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Monday, June 13, 2005

The World Is My Toybox . . .

. . . I shall not want.

I try not to get frustrated with my son when he'd rather play with a toilet paper roll or a doorstop than the fun and exciting toys that our house is riddled with. He is a baby, after all, and the whole world is a thrilling and wondrous place filled with all these marvelous objects that need to be explored.

I guess it's only when we "grow up" that we lose our fascination with simple yet wonderful things that used to keep our attention riveted, and instead spend mindless hours in front of the television watching "reality TV" programming filled with idiots whom, were we to meet them personally, we wouldn't have anything to do with.

Perhaps I can learn from him -- ie, learn the simple yet immesurable beauty of playing with the tag on a blanket, pillow or stuffed animal -- rather than focus on whether or not he can decipher the star, triangle, square and circle shapes enough to put them all in the container through the specially shaped holes.

I certainly know that my creative life has taken a boost from watching him. That and reading some stuff my buddy Peter wrote. The other night while putting Alexander to sleep I wondered about the story I had begun to write when he was first born featuring the adventures of a prince named Alexander and his pal, Mister Bunny. I thought it would be cute to include him and our pet rabbit in a series of fun adventures I could tell him at bed-time. It reminded me of the children's story I'd started a couple of years ago for my Godchild, Madison, but which I hadn't been able to finish - I had a good beginning and a good ending, but was having trouble with all the middle bits. Don't let ANYONE tell you that writing children's literature is easy. I'd rather write a 75,000 word novel than the text for a 500 word children's picture book any day. Sitting there, watching Alexander drift off to sleep, I started thinking about the story I'd started for Maddie. I didn't force anything, just let the beginning of the story drift through my mind and see if the characters would help me flesh out the details . . .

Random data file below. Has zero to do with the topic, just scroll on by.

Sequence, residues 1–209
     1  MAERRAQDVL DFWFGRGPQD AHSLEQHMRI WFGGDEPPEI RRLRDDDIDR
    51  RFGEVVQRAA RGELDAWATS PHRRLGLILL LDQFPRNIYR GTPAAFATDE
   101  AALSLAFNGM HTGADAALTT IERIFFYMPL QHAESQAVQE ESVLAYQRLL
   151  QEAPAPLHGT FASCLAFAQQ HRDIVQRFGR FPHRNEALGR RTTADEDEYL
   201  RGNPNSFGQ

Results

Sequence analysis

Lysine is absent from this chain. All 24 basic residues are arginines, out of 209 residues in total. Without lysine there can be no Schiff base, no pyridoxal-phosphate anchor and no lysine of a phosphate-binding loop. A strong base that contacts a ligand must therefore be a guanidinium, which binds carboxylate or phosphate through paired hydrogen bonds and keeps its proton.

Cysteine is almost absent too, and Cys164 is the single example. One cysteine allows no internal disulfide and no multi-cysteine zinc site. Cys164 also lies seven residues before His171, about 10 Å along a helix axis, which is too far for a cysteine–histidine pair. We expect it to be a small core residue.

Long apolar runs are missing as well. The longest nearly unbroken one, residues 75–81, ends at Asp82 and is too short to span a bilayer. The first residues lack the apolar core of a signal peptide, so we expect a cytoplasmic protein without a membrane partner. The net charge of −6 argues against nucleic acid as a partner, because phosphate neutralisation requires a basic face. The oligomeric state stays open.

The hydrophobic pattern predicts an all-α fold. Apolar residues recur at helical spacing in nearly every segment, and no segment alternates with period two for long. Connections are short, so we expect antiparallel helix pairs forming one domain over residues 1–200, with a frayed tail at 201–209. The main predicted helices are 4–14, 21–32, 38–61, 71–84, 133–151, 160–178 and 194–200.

. . . it never went anywhere immediately, of course, (maybe because Alexander was asleep within 10 minutes so I could put him down and move on to do whatever mundane task I was supposed to be doing as an "adult" -- likely plop my butt down in front of the "idiot box"), but as often happens, I think that my subconscious mind kept following the tale and trying out different situations for the characters. The other day I had the pleasure of reading a section of kid's verse that Peter Mitchell was working on. Like Peter's previous kid's verse story, this one was brilliant - it was a fun and exciting fantasy tale which inspired me to think like a child, but also re-synced my sub and conscious minds (hello, hello - nice to see you again)

I immediately started hammering out the middle scenes of the "Maddie" story that had been plaguing me all this time, and pretty much completed the first draft of the story. I'm now well on my way to finally finishing the story for Madison. And I have both Alexander and Peter to thank for this.

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